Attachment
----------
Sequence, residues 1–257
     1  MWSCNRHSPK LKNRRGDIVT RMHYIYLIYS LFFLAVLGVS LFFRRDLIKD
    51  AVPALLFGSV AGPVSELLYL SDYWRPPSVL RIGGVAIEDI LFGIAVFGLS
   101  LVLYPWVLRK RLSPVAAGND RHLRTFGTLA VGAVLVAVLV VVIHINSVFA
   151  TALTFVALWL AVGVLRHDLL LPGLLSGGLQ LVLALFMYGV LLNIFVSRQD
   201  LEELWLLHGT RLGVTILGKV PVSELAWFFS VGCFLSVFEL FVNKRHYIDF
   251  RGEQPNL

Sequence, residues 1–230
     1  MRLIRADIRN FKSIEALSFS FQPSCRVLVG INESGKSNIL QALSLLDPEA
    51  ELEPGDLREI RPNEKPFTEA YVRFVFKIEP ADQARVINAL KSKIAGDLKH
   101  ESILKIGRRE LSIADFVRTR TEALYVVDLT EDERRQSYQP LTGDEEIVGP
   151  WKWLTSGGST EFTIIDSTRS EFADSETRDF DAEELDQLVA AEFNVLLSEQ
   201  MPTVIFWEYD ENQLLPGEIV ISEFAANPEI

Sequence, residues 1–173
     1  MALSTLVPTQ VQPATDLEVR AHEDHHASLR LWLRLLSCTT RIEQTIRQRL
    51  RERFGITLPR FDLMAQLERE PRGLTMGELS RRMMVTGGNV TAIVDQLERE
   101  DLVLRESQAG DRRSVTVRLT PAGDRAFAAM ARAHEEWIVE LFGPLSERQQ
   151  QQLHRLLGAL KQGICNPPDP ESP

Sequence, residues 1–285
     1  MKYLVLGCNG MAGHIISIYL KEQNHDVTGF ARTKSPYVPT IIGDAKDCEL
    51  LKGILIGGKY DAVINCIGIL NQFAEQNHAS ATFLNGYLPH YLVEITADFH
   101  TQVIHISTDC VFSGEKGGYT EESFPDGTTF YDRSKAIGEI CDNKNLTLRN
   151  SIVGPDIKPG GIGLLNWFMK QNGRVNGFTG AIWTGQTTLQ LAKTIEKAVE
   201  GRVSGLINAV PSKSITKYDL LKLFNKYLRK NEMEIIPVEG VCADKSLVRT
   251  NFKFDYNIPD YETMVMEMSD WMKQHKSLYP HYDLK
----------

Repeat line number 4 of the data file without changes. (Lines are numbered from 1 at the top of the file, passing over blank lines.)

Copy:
   101  LVLYPWVLRK RLSPVAAGND RHLRTFGTLA VGAVLVAVLV VVIHINSVFA